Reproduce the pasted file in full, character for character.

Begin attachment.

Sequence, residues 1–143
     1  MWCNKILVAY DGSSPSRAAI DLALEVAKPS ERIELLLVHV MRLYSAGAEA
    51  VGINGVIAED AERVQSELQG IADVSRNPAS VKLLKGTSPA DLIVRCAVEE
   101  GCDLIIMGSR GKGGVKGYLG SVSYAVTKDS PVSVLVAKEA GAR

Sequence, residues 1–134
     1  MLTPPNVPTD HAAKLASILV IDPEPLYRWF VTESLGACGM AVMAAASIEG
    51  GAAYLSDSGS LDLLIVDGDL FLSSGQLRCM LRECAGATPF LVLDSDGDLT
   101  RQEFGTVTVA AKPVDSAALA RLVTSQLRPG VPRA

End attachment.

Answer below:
Sequence, residues 1–143
     1  MWCNKILVAY DGSSPSRAAI DLALEVAKPS ERIELLLVHV MRLYSAGAEA
    51  VGINGVIAED AERVQSELQG IADVSRNPAS VKLLKGTSPA DLIVRCAVEE
   101  GCDLIIMGSR GKGGVKGYLG SVSYAVTKDS PVSVLVAKEA GAR

Sequence, residues 1–134
     1  MLTPPNVPTD HAAKLASILV IDPEPLYRWF VTESLGACGM AVMAAASIEG
    51  GAAYLSDSGS LDLLIVDGDL FLSSGQLRCM LRECAGATPF LVLDSDGDLT
   101  RQEFGTVTVA AKPVDSAALA RLVTSQLRPG VPRA